The Japanese Chin is truly a "Japanese" creation in that it reflects Japanese
The Japanese created a breed so distinct from other dogs, that in Japan it
was considered something different, distinct from a "dog" which was considered a
working/helper animal whereas the Japanese Chin was considered strictly for pleasurable companionship.
Its distinct appearance and personality eventually captured the hearts of
Japanese Royalty and resulted in ownership being restricted to those of royal and
Each noble house bred to their own standards. Because of this, there are
many variations of the Chin in any area from size to coat density, eye set,
personality, whether they are compact and well-muscled or slender-boned and
fragile in appearance, etc.
Once introduced to the West, a strong desire for the smaller 10 lbs or
less version of the Japanese Chin came to dominate and become the standard of
various kennel clubs around the world.
Professor Ludvic von Schulmuth studied canine origins by studying the skeletal
remains of dogs found in human settlements as long as the
8th millennium BC. The Professor created a
genealogical tree of Tibetan dogs that shows the "Gobi Desert Kitchen Midden Dog",
a scavenger, evolved into the "Small Soft-Coated Drop-Eared Hunting Dog".
From this dog evolved the Tibetan Spaniel, Pekingese, and Japanese Chin`.
Another branch coming down from the "Kitchen Midden Dog" gave rise to the
Papillon and Long-haired Chihuahua and yet another "Kitchen Midden Dog"
branch to the Pug and Shih Tzu.
Though there is some documentation that indicates Portuguese sailors
introduced the breed to Europe in the 17th century by presenting some to
Catherine of Braganza, Queen Consort to King Charles II of England,
there is more credible evidence that the first Chin were gifted by the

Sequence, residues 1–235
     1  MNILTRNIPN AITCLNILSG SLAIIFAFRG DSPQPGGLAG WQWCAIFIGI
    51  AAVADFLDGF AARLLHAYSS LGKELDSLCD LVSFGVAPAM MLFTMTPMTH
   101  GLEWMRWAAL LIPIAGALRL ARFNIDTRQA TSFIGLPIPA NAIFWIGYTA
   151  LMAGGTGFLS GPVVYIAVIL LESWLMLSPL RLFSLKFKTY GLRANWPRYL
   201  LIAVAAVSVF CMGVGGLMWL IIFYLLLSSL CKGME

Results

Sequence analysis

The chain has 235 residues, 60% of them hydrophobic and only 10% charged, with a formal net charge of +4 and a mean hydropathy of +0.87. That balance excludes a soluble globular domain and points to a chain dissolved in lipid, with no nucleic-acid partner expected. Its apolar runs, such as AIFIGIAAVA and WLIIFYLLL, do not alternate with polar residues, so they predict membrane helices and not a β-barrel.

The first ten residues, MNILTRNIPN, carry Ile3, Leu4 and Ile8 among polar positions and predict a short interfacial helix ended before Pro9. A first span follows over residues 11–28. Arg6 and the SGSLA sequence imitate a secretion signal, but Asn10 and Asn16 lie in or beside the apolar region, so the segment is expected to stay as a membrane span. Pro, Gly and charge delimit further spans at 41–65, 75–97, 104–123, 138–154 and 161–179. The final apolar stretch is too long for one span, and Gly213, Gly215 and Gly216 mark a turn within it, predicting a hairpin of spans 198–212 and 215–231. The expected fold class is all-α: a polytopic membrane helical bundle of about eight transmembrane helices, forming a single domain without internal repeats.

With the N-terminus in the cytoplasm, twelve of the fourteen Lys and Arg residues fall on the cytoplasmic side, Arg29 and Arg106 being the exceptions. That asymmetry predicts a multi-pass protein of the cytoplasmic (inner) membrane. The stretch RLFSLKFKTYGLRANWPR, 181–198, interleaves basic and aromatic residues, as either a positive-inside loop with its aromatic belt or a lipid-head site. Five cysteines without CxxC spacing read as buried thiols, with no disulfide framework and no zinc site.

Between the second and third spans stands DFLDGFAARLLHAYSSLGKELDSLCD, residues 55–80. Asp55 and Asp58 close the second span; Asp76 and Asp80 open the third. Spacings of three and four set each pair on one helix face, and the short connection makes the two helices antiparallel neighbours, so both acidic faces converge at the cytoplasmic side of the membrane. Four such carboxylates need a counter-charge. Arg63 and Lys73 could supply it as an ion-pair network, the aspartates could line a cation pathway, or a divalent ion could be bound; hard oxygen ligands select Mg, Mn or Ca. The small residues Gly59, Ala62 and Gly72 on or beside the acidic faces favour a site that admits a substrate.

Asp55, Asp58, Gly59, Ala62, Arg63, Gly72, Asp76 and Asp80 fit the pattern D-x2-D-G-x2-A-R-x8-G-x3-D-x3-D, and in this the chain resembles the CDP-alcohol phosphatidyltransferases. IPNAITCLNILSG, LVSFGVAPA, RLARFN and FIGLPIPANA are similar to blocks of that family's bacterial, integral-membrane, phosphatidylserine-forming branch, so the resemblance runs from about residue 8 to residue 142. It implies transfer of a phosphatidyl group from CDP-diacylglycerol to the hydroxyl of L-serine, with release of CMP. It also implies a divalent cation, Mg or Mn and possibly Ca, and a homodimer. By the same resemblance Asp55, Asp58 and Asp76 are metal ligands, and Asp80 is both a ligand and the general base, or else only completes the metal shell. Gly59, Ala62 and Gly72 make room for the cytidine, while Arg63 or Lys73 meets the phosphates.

Emperor of Japan to an American naval officer, Matthew Calbraith Perry,
when Perry visited the Orient in 1853 to open trade with the East.
Perry was gifted with a total of seven (7) Chin; however, only two survived
the passage back. Again, there is controversy over whether Perry gave the two
to Franklin Pierce, President of the United States, gave them to James Stirling,
Rear admiral of the Royal Navy to take to Queen Victoria, or gave them to his
daughter, Caroline Slidell, after returning from Japan.
Caroline was the wife of August Belmont.
The Chin’s straight, silky hair is usually black and white,
but may be red and white, sable and white, or lemon and white.
Black and White
Red and White
Lemon and White
Sable and White
The tail is feathered and carried curled up over the back, with long hair
hanging nearly to the floor. A Chin puppy will lose his full coat somewhere
between 5 and 12 months of age, resulting in near baldness.
This is normal and no cause for concern. He is simply losing his puppy coat,
and the full adult coat may take 2 – 3 years to grow in fully.
Un-spayed females will also molt most of their coats after ending their heat seasons,
generally ending up with thinner coats than males and spayed females.
How does the Japanese Chin act?
The Chin is sometimes referred to as cat-like because he is independent
and washes his face with his paws. In addition, he prefers to rest on high
surfaces such as chair backs and kitchen counters, when allowed.
He can also be found weaving among collectibles on a coffee table without disturbing
even one of them.
In addition, the Chin is alert, intelligent, and independent.
He is a loving and loyal companion dog that does not insist on being a
one-guardian dog. He is equally happy to see anyone, and thus does not make a great watchdog.
The Chin is basically a quiet dog, but enjoys entertaining his humans with his signature
“Chin Spin”, where he turns in fast circles, dancing on his hind legs.
Some Chins even sing while carrying out this maneuver.
The Chin easily adapts to his surroundings, becoming outgoing in a
rambunctious home and quiet and shy in a home that includes only reserved adults.